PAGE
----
Our unbelievably stout vehicle continued to crawl forwards. Thoughts wandered. What if something broke? Or punctured? It would have been difficult to open the door, let alone fix anything. Nor would we be able to walk out.
After an unimaginably long three hours, we suddenly broke out of it. Ahead of us, as far as we could see was a golden grassy plain, game scattered across, the blue mountains still breaking the horizon, the landy still chugging, in the right direction. A beautiful Ethiopian carmine bee-eater flew in formation with us, swooping for insects disturbed as we travelled. We had arrived in a Garden of Eden, the Omo River reserve.
In this euphoric state, elated with our unexpected expansive freedom, so happy to be out of those thorns, we bumbled through the knee-high grass for a couple of hours, hardly saying a word. Herds of eland and oryx, zebra, distant hartebeest, buffalo and giraffe wandered through the sparse acacia, vultures circling down onto a far-off kill.
Suddenly, we crossed a vehicle track. Backing up, sure enough, a long-disused track headed off at right angles to ours making for some foothills over to our left.
We turned and followed, climbing into the hills, through dense forest, rounding a bend into a small valley. There before us lay a tented military-looking camp.
Uniformed men approached from all directions, apparently surprised to see us, their friendly approach quite a relief. ‘Welcome! Where have you come from?’ They asked
‘England.’ We beamed.
‘Please, join me for some tea.’ A senior man graciously invited us, introducing himself as Daniel, the warden of the Omo game reserve. Welcoming us to his headquarters, he told us he hadn’t seen a visitor in the two years he’d been there, and had never heard of anyone crossing the plains through the thorns.
Daniel, gently aristocratic in his bearing, had read Conservation Management at Oxford. A renegade in the political system under Haile Selasse, he was effectively exiled to this wilderness, which he had now come to deeply appreciate. He treated us as royal guests.
We woke in the morning to four punctured wheels. Not too surprising. Pulling out the tubes, we repaired 46 punctures, cutting our patches into small quarters to stretch our supply. The long thorns had somehow sealed themselves in the rubber. Had one of them deflated a tyre yesterday, we would still be out there.
Mr Angel, again, in the thorn bush.
Now identified as ‘mechanics’, we assisted in various maintenance problems. John managed to get their Unimog, that had sat immobile for years, going again while I sorted out their solar battery charger system. We spent a few exhilarating days patrolling with Daniel in his game reserve. His dream was to see tourist camps develop there.
One evening, we sat on a hill overlooking the vast plains, a leopard coughed in the trees behind us, game and breath-taking scenery filled our view, mountains majestically preening in the last of the sun, the great Omo River splashed silver on the horizon. Overcome with the grandeur of it all, I made a pact with Daniel.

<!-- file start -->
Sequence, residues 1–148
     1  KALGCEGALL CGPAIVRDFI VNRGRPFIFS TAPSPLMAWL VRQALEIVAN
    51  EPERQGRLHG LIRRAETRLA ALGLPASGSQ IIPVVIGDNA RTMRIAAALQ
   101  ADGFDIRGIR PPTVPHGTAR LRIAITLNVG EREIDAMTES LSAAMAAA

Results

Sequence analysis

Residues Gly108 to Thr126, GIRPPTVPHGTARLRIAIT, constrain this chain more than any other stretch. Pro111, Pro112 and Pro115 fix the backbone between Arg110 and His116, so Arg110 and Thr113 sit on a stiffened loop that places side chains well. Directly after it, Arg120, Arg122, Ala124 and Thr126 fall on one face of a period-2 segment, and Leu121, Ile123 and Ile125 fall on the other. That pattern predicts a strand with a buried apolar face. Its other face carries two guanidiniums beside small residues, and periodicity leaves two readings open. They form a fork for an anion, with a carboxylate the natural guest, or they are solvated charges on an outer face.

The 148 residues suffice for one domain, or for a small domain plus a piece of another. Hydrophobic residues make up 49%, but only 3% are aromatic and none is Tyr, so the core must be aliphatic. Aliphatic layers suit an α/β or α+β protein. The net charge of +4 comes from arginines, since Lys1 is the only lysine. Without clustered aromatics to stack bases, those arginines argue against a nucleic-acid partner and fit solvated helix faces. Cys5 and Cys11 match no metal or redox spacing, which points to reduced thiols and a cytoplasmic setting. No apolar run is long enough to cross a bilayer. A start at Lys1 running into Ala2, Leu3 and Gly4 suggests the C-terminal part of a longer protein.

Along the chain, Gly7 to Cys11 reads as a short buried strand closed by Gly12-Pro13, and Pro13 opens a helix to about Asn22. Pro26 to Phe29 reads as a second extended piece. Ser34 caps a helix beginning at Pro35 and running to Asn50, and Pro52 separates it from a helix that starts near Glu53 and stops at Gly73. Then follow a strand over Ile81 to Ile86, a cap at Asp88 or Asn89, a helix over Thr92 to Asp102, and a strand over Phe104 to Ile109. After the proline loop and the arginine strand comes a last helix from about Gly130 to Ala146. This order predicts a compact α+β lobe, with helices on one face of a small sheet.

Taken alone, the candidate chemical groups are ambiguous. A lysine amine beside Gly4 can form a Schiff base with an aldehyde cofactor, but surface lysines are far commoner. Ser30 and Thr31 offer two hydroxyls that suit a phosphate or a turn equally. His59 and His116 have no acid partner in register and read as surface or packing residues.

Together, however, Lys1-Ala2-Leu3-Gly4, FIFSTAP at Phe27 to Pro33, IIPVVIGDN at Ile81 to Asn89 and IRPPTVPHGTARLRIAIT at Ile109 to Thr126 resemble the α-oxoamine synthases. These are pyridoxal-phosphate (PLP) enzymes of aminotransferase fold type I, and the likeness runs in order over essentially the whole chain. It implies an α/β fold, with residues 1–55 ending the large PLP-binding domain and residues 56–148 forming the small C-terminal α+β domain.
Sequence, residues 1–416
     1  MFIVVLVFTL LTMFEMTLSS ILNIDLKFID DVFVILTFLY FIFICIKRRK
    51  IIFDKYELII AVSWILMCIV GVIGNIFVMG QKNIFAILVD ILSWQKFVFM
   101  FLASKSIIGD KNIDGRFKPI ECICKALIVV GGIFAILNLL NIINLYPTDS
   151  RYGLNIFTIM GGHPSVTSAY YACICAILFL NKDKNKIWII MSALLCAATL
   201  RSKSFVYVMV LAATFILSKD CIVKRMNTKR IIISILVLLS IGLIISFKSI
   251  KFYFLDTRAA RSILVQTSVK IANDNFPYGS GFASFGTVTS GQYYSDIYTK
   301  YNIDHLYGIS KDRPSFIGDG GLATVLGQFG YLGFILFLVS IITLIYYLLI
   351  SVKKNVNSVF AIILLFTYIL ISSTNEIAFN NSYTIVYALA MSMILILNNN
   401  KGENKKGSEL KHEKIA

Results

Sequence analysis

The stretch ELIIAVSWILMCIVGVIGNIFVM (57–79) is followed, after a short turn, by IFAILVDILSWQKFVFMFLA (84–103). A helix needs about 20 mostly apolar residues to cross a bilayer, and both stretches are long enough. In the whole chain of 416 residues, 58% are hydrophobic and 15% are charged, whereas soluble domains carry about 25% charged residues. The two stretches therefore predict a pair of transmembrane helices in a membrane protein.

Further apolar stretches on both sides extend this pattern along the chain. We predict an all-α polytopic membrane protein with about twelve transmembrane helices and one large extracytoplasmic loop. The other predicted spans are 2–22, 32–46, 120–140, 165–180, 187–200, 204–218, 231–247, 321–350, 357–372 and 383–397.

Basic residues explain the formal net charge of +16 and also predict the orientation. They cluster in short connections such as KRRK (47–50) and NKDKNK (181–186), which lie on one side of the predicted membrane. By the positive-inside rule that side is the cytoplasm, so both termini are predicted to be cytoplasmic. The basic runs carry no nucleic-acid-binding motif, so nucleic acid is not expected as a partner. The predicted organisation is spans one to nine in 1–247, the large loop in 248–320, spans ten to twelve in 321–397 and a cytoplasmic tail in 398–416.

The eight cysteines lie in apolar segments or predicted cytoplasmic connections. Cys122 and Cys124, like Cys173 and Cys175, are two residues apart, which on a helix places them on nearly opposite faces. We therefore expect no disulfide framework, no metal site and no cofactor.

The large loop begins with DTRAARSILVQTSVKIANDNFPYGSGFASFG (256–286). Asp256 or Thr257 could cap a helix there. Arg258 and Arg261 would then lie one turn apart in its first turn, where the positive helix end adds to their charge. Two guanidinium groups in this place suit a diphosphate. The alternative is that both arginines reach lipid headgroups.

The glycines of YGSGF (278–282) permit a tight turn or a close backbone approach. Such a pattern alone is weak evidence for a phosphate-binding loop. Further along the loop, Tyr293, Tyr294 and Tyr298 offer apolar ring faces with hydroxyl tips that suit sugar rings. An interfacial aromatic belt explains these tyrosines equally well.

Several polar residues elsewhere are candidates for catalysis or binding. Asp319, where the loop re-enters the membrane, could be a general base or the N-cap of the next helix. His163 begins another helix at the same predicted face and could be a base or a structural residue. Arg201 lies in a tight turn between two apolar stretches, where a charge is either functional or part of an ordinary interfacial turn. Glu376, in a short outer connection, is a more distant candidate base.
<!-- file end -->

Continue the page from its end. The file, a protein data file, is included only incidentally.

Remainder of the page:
I’d be back. We would set up a safari company together and bring people to see this magnificence. With no real idea how this would happen, we were both excited at the prospect. My safari career was conceived.
The Omo National Park, as it is today, 4,068 km2 of wilderness, one tenth the size of Switzerland, is bordered by the Omo River, and home to an amazing range of wildlife. 300 plus species of birds have been identified here. Large herds of a wide variety of game roam the great plains.
The river tumbles its 350km way through a steep valley before slowing as it nears the lowlands and then meanders through the flat, semi-desert bush of the plains, eventually flowing into Lake Turkana. Open forests of tamarinds and figs, alive with colobus monkeys and the exquisite birdlife including blue-breasted kingfishers and white-cheeked turacos, run into hippos grazing on the savannah slopes against the mountain walls, where Abyssinian ground hornbills may hop across the riverine trees. The abundant wildlife, spirited rapids, innumerable side creeks and waterfalls, sheer inner canyons and hot springs all combine to make the Omo one of the world’s classic river adventures.
However, for the moment, we had a mission to get back on that road, down which no vehicle had travelled in anyone’s memory. All personnel and supplies for the Park were flown into the game reserve.
Before dawn broke on the fifth day, we headed out, with fond farewells and commitments for the future. 2,500m to climb, condition of trail unknown. One of the most extraordinary adventures either of us ever lived lay ahead.
The massive mountain range was home to few people other than remote villages along the route. They still wore large wooden disks in their ears and lips, beauty being in the eye of the custom, great hanging earlobes, deformed lower lip and all the front teeth missing when disks were removed. A deterrent to being sought as slaves.
A policeman had requested a lift to his post in the hills. Two old buffalo bulls appeared in the headlights. His immediate reaction was to shoot them, with his Kalashnikov, a light automatic military rifle totally unsuitable for big game. We spent a few uncomfortable moments restraining our trigger-happy passenger.
Before the sun was up, we’d straddled the Land-Rover on the middle hump in the badly eroded track, all four wheels hanging. We worked in a light rain, building up stones under the wheels, for an hour before we were able to move on. And this was just the beginning…the track became increasingly difficult, with steep stony gullies, constantly climbing, strewn with boulders, muddy water running down every crevice. We dropped our policeman in his village, all we could do to dissuade him from loading us with more passengers. We settled with carrying the mailbag on to Maji, his headquarters further up.